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Saint Leonard of Port Maurice: Preacher of Parish Missions

By Dominic Monti, OFM
Published in Saints
November 26, 2021
3 min read
Saint Leonard of Port Maurice: Preacher of Parish Missions

On November 26, Franciscans around the world honor the memory of Saint Leonard of Port Maurice (1676–1751), famous preacher of parish missions.

Discerning a religious vocation

Leonard was born in the town of Porto Maurizio on the Italian Riviera, then in the Republic of Genoa, where his father was a ship captain. At age 13, he was sent to live with an uncle in Rome where he attended the Jesuit college and the Gregorian University to prepare himself for a career in medicine. He discerned a religious vocation, however, and entered the Reformed Friars Minor of the Strict Observance in Rome in 1697.

St Leonard of Port Maurice Church of San Bonaventura Rome 700pxls

The small Church of San Bonaventura on the Palatine Hill in Rome is where Leonard entered the Order and where he died.

St Leonard of Port Maurice interior Church of San Bonaventura Rome 700pxls

The interior of the Church of St. Bonaventure whose intimate venue makes it a popular venue for Roman weddings.

Devoting his life to ministry of evangelization

When he was ordained in 1703, he hoped to spend his life preaching the Gospel in China, but was turned down due to his frail health. He then devoted his life to the ministry of evangelization in his homeland.

St Leonard of Port Maurice Church of San Salvatore Florence 700pxls

The Church of San Salvatore all Monte in Florence was Saint Leonard’s home for the first decades of his ministry.

Preaching tirelessly

For 40 years Leonard tirelessly preached parish missions, Lenten sermons, and retreats throughout Italy to draw people to a life of true conversion. For the first decades of his ministry, he was based in Florence, preaching throughout Tuscany, but after 1736 he was stationed in Rome, although he branched out from there for tours in other regions.

St Leonard of Port Maurice preaching in Piazza Navona Rome 700pxls

This painting depicts Saint Leonard preaching in the Piazza Navona in Rome.

Promoting the Way of the Cross, perpetual adoration of the Eucharist

Enormous crowds would turn out to hear him, leading St. Alphonsus Liguori to call him “the great missionary of the (18th) century.” Throughout his preaching, Leonard promoted devotion to the Way of the Cross; he erected over 500 sets of “Stations” throughout Italy, most famously those in the Roman Coliseum. He also promoted perpetual adoration of the Eucharist. Exhausted by his long labors, he died in the friary where he had entered the Order, San Bonaventura on the Palatine Hill in Rome, in 1751.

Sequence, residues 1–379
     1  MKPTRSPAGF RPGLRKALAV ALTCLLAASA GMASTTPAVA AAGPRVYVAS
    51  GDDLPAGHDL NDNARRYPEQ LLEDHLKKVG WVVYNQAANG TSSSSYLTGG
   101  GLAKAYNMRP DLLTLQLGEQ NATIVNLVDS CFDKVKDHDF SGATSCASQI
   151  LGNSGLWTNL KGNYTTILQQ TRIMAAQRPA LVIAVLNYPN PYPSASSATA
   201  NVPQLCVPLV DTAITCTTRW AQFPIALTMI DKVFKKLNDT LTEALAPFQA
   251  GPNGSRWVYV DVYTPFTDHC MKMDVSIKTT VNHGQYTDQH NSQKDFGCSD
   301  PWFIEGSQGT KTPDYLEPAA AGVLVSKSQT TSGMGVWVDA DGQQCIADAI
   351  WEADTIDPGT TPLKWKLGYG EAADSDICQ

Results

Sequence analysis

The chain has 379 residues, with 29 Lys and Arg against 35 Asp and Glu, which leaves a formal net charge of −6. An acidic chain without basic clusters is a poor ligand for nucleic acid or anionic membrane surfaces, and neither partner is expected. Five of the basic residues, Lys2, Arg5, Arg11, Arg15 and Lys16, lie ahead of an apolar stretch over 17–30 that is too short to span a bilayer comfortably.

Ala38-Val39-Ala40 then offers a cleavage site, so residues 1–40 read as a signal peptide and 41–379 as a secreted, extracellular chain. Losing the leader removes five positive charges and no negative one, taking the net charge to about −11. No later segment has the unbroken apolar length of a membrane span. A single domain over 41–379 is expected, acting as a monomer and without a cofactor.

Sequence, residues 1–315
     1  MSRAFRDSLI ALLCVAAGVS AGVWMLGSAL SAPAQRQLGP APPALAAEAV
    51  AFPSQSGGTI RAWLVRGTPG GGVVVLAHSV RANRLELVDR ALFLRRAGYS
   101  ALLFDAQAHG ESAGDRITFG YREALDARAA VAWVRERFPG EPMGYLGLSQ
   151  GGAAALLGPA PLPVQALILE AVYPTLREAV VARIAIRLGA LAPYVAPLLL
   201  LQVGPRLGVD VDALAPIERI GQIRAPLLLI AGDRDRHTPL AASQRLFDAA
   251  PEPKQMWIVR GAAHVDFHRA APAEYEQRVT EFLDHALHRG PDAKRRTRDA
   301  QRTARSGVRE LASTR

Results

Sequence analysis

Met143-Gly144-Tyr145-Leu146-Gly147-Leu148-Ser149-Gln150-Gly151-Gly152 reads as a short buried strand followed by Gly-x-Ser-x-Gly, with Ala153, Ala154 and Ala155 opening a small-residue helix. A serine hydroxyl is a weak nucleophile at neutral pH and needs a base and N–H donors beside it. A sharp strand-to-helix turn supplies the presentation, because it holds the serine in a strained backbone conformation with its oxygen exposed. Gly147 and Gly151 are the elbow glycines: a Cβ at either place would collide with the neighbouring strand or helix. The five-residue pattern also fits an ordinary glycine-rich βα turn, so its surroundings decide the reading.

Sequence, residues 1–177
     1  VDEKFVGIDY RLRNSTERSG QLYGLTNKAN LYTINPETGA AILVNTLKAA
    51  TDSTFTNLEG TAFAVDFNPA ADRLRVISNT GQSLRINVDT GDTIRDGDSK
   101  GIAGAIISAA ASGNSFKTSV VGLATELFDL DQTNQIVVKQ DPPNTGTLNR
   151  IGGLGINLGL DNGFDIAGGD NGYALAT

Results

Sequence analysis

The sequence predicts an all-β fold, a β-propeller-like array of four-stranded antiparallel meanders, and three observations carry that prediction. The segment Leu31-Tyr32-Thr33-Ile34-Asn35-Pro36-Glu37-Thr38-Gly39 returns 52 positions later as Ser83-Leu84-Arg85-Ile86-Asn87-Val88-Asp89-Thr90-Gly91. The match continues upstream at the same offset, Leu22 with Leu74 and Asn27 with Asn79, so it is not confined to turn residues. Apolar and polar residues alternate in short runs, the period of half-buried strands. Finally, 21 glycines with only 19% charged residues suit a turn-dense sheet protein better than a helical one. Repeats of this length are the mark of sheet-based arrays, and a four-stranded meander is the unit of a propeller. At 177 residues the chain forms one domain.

Declared patron of preachers of parish missions

Leonard left many writings: sermons, letters, and devotional treatise. He was beatified in 1796 and was canonized in 1867. Pius XI declared him the patron of all those preaching parish missions. Since 1996, his remains rest in the cathedral of his home town, Porto Maurizio (now part of the city of Imperia).

Saint Leonard’s devotional treatise on the Mass, "The Hidden Treasure," is available online.

Wisdom of Saint Leonard of Port Maurice

In a hundred places in Holy Scripture, God tells us that it is truly his desire to save all people. “Is it my will that a sinner should die, and not that he should be converted from his ways and live? . . .I live, says the Lord God. I desire not the death of the sinner. Be converted and live.” When someone wants something very much, it is said that he is dying with desire; this is a hyperbole. But God has wanted and still wants our salvation so much that he died of desire: he suffered death to give us life. This will to save all people is therefore not an affected and superficial will in God; it is a real, effective, and beneficial will; for God provides each of us with all the means most proper for us to be saved.

Dominic Monti, OFM

Dominic Monti, OFM

Professor of Franciscan Research in the Franciscan Institute of St. Bonaventure University

Dominic V. Monti, OFM, is a Franciscan Friar of Holy Name Province (USA) and currently professor of Franciscan Research in the Franciscan Institute of St. Bonaventure University. He devoted the greater part of his ministry to teaching the History of Christianity, in particular the history of the Franciscan movement. He has contributed two volumes to the Works of St. Bonaventure series and is author of Francis & His Brothers, a popular history of the Friars Minor. 


In Memoriam
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